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Farhad Hafezi, Sabine Kling; Low-fluence-slow-irradiation corneal cross-linking induces the same biomechanical stiffening as the standard Dresden protocol. Invest. Ophthalmol. Vis. Sci. 2017;58(8):4343.
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Corneal cross-linking (CXL) protocols that are currently used clinically vary in intensity and time, but share the same total fluence of 5.4 J/cm2. Although this fluence is considered safe, reducing the UV fluence while maintaining biomechanical efficacy would be beneficial in two ways: it would further reduce radiation exposure, and it would allow to treat corneas thinner than 400 µm.
Thirty-four freshly enucleated porcine corneas were de-epithelialized and soaked with 0.1%-hypoosmolar riboflavin solution during 30 minutes. Low-fluence-slow-irradiation CXL (30 min at 1.5 mW/cm2, fluence 2.7 J/cm2) was compared to standard CXL (30 min at 3 mW/cm2, fluence 5.4 J/cm2). Controls were soaked with riboflavin, but not exposed to UV light. Elastic (stress-strain) and viscoelastic (stress-relaxation) bi-dimensional testing was performed with a commercial stress-strain extensometer to quantify the biomechanical stiffening effect.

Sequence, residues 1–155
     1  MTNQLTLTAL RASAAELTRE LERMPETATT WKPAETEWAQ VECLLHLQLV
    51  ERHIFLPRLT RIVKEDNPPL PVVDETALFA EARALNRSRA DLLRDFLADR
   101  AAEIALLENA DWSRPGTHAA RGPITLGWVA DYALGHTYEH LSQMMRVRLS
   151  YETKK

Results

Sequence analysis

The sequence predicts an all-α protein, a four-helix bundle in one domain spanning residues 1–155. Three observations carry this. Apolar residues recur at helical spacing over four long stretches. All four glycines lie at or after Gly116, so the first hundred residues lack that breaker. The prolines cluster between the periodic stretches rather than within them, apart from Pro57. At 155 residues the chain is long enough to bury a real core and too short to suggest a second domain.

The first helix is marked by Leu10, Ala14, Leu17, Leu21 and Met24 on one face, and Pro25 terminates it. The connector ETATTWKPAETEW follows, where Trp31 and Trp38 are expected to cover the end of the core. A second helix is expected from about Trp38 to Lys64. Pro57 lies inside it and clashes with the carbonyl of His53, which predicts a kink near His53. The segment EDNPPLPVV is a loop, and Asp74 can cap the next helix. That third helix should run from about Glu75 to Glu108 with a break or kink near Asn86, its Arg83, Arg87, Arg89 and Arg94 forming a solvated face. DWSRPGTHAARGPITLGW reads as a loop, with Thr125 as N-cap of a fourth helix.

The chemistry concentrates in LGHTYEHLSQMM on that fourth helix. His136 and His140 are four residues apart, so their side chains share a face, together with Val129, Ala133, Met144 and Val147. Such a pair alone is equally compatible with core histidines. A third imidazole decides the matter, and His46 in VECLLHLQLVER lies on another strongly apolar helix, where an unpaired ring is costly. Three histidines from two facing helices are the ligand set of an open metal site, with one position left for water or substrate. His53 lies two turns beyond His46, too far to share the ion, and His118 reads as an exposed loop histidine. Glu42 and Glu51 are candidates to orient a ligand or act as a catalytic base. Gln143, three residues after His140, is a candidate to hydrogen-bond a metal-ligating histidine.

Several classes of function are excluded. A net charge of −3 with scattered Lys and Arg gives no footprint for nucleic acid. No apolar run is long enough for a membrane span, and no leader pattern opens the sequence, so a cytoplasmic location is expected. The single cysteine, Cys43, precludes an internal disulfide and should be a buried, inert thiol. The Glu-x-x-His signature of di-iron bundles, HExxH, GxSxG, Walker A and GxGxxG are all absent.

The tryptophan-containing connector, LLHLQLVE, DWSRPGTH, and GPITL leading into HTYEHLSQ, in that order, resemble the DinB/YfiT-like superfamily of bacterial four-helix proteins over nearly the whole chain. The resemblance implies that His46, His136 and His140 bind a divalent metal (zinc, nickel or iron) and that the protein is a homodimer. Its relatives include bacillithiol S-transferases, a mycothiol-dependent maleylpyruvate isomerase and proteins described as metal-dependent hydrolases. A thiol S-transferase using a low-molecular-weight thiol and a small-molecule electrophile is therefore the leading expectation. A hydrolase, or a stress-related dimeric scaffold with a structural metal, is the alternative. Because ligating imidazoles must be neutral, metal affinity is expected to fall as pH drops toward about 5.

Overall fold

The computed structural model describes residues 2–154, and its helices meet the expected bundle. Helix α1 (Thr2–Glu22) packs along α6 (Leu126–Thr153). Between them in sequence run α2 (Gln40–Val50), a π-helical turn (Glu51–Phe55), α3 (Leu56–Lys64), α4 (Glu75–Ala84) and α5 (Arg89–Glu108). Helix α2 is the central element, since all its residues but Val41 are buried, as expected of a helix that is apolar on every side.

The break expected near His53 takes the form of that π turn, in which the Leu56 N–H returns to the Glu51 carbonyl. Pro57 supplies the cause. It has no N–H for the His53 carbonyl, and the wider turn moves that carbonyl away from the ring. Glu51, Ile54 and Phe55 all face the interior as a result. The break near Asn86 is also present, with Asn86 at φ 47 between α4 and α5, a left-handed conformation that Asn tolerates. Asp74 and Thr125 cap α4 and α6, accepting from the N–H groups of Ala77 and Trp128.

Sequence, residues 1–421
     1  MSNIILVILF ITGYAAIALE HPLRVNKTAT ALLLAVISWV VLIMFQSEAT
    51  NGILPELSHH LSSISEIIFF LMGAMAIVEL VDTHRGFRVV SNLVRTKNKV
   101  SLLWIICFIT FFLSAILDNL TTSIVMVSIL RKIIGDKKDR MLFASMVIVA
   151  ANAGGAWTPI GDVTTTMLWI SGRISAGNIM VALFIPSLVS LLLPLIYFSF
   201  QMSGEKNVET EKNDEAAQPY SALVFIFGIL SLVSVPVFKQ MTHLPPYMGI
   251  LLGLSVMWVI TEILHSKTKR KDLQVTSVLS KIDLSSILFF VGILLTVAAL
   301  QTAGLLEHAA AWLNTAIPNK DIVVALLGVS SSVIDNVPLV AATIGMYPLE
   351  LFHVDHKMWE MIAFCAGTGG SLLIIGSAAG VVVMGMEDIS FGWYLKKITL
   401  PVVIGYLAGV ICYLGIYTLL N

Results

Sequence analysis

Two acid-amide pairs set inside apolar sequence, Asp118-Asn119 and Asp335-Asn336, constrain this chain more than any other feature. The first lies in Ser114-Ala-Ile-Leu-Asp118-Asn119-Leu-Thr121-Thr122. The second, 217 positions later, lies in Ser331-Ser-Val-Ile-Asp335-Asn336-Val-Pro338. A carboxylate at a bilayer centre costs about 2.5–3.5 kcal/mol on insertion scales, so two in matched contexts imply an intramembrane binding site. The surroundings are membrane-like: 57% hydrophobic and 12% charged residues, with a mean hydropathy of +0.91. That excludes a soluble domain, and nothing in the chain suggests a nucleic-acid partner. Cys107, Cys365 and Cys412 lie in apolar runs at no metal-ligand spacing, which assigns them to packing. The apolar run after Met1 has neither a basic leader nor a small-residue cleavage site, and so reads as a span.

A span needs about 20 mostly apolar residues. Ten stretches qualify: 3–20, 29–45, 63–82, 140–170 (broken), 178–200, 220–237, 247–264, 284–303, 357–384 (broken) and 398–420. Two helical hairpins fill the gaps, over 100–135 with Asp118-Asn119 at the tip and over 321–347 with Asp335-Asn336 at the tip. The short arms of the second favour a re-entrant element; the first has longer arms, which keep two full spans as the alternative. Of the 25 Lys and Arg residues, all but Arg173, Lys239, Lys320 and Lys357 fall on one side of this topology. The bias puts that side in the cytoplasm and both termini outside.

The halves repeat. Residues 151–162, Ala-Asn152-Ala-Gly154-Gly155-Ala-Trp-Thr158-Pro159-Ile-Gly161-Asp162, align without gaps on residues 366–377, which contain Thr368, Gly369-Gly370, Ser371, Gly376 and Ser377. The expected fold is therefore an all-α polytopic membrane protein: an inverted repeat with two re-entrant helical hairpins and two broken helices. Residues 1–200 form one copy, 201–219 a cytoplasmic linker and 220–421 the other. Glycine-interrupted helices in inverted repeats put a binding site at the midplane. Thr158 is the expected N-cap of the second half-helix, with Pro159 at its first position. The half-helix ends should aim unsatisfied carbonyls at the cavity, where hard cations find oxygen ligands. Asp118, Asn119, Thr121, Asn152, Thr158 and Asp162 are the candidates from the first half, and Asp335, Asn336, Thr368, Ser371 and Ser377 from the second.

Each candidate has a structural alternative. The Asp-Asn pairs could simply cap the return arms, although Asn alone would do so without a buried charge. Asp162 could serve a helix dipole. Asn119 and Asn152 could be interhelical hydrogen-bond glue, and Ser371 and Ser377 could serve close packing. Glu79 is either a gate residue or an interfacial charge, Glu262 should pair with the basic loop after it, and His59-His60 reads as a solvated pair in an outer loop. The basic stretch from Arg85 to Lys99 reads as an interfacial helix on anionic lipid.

Corneas cross-linked with low and standard UV intensities had a significantly (p<0.001) higher elastic modulus (65.9±15.7 MPa and 67.1±15.6 MPa, respectively) when compared to controls (52.4±12.3 MPa). Also, the remaining stress after 120s of stress-relaxation was significantly (p≤0.013) higher after CXL with low and standard UV intensities (159±21 kPa and 158±25 kPa, respectively) compared to controls (135±20 kPa). Between CXL conditions, no difference (p=0.64) was observed with low and standard intensities.
The UV fluence for CXL may be reduced while maintaining the biomechanical efficacy by using a lower UV intensity and the same irradiation duration. This may open alleys in the treatment of extremely thin corneas.
This is an abstract that was submitted for the 2017 ARVO Annual Meeting, held in Baltimore, MD, May 7-11, 2017.
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